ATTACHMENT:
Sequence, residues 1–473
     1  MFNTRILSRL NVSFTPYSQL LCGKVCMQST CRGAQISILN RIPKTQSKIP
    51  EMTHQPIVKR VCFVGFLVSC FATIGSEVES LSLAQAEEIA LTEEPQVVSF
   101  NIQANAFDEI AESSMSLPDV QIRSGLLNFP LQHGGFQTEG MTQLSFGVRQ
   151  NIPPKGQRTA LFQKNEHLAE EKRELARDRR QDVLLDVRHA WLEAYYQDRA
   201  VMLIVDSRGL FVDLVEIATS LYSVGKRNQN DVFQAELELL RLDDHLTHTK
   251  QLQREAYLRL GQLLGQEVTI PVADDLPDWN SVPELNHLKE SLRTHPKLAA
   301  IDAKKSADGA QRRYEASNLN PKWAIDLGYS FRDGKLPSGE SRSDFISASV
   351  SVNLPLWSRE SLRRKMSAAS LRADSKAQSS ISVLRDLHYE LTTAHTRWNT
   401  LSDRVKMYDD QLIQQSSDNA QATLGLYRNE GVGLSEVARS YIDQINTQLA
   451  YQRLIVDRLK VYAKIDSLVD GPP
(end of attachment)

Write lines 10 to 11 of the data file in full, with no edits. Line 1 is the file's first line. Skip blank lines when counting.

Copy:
   401  LSDRVKMYDD QLIQQSSDNA QATLGLYRNE GVGLSEVARS YIDQINTQLA
   451  YQRLIVDRLK VYAKIDSLVD GPP